Recently I received this email from Beny Ngor Chol, one of the subjects of Courageous Journey. It serves here as an introduction to the tragic events now occurring in the disputes over sharing oil revenue and defining the border between north and south.
I have been very busy with what is happening in my hometown back in Unity State (Panrieng), South Sudan.The Sudan government has been bombarding the civilians in our homes and attacking our military base at the South Sudan border which has led to the fighting that has occurred along the two countries borders. However, the international community is blaming the victim (South Sudan’s government and its people) instead of blaming the Sudan government. They are asking our troops to withdraw from the oil area moving southward despite the fact that the oil area is within South Sudan’s border. This has made me question the stand of the international community in regard to Sudan’s long [north/south] civil war that has taken millions of civilian lives and displaced over 4 million people.
I will attempt to trace the major points of the conflict in recent days, although the disagreements and attacks from the north have been on-going since the Republic of South Sudan became a separate nation 9 July, 2011.
Earlier in the month negotiations between the two countries that were being mediated by the African Union broke down in Ethiopia.
April 20, 2012: In a video message at the White House, President Obama urged Sudan and South Sudan to end their fighting and begin negotiations to settle the intensifying conflict. He put part of the onus on the government of Sudan, which he said “must stop its military actions, including aerial bombardments.”
“Likewise,” Obama said, “South Sudan must end its support for armed groups inside Sudan and it must cease its military actions across the border.”
The United States, the United Nations and the African Union condemned South Sudan for sending troops into Heglig earlier this month and driving the two countries to the brink of war. But South Sudan has reason to believe that Heglig (the area that they call Pantho) is legitimately part of South Sudan’s Unity State, per the 1/1/1956 agreement.
April 16, 2012: The South Sudanese communities around the world, known as the South Sudan Volunteer Initiative (SSVI)* have sent a petition with over 1000 signatures to UN Secretary General, Ban Ki-Moon, with copies to the United States and others in the international community, calling for stopping “the ongoing carnage being committed by Sudan and facilitate an immediate return to the negotiation table in Addis Ababa, Ethiopia.”
The petition further states, “…we find it shocking to see the level in which [Sudan] has been able to easily deceive the international community on the current crisis….This redrawing of the map in South Sudan by the regime in Khartoum as a result of oil discovery is clearly documented, and thus the reason for the continuous attack on South Sudan, an apparent campaign to annex South Sudan’s oil producing state of Unity to the North.”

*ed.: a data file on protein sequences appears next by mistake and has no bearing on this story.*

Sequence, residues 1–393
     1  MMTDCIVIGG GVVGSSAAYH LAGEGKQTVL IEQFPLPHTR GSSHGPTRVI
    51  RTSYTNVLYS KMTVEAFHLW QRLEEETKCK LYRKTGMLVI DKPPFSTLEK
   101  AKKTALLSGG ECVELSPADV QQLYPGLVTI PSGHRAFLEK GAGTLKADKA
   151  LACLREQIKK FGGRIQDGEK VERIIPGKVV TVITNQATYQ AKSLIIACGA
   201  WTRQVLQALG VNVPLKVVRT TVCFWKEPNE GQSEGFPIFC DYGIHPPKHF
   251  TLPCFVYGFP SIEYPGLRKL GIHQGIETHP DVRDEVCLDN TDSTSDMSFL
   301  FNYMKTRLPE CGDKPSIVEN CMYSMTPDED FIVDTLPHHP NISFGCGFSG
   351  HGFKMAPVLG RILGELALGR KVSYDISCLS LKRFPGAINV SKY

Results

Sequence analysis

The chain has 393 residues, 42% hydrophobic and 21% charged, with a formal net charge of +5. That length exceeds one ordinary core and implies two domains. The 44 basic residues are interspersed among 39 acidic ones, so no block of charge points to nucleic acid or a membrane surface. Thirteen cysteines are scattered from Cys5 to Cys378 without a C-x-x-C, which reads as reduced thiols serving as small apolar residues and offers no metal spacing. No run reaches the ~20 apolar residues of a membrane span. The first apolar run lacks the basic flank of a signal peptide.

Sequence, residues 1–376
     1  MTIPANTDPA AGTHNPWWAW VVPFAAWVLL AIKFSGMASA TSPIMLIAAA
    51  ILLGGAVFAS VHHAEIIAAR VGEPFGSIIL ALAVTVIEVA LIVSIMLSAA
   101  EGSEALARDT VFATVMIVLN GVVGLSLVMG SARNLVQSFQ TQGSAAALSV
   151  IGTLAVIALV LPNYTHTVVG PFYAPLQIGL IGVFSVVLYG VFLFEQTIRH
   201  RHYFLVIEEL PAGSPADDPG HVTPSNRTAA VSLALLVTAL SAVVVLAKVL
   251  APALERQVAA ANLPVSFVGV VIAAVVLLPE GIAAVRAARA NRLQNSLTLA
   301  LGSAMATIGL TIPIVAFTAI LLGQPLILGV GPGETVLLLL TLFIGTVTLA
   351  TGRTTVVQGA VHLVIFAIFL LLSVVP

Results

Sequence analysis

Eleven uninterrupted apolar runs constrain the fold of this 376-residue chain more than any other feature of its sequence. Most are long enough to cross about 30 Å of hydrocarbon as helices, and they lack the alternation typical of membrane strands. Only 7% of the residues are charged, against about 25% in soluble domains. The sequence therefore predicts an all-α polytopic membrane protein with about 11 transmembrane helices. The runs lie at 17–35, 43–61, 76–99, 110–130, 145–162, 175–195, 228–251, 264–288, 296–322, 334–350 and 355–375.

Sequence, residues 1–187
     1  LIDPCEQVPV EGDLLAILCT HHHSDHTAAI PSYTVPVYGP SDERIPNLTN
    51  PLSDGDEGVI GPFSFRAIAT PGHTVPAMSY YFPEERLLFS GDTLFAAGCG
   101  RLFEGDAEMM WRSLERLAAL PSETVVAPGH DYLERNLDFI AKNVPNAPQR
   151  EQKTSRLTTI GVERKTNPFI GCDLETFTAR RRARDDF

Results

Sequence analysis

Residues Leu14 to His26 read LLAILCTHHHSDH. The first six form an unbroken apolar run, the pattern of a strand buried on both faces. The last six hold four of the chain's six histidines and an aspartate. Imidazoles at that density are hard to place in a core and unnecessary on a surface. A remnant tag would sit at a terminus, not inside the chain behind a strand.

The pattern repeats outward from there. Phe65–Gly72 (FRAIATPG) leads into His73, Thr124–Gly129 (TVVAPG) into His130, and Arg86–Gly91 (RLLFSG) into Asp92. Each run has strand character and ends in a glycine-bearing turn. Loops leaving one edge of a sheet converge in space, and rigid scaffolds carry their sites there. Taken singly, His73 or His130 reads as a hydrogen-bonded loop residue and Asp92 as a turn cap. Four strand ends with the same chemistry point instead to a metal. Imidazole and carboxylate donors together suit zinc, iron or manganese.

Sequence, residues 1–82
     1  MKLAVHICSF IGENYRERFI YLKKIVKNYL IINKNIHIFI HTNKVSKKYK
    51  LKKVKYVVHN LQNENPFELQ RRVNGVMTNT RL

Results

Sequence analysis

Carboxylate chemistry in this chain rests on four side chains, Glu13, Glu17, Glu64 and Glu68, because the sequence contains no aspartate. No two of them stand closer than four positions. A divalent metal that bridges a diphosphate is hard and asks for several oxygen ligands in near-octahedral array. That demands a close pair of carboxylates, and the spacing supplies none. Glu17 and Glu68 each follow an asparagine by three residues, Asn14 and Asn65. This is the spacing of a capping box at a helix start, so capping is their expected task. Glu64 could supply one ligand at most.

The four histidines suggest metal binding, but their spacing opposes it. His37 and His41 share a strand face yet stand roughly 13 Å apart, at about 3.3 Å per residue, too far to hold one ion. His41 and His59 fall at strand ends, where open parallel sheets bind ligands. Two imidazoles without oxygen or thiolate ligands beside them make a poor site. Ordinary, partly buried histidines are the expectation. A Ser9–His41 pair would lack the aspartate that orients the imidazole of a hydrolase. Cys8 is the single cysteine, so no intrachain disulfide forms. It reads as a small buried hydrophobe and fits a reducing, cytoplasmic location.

The document lists acts of atrocities committed by the Khartoum government against South Sudan, including a raid and looting of Vice President Riek Machar’s home in which seven of his relatives were rounded up and taken to an unknown location. The international community is urged to “act now.”
April 29, 2012: Sudan declared a state of emergency on Sunday along much of its border with South Sudan as the momentum toward all-out war continues to build after weeks of clashes over disputed areas and oil. President Omar Hassan al-Bashir’s decree gives authorities in the border areas wide powers to make arrests and set up special courts. It was issued a day after Sudan detained three foreigners and a South Sudanese near the border and accused them of spying for South Sudan, a charge the South denies.
South Sudan, meanwhile, said Sunday that it would remove its security forces from the contested region of Abyei in response to demands from the African Union and the United Nations Security Council. “We are not occupying any contested area,” said South Sudan’s minister of information, Barnaba Marial Benjamin.
But reports of fighting continued through the weekend. On Saturday, Sudanese aircraft bombed Panakuach, a town near the border in Unity State, Mr. Benjamin said. And on Sunday, South Sudan’s army said clashes with what it called a militia group backed by Sudan left 21 people dead in Malakal, near the border. (Information by ISMA’IL KUSHKUSH and JOSH KRON/New York Times.)
May 2. A note from Beny who is a leader in the SSVI sent me this note today: “The task force committee for this group will hold the first meeting this week end in Kansas City, Mo stay tuned for the outcome.”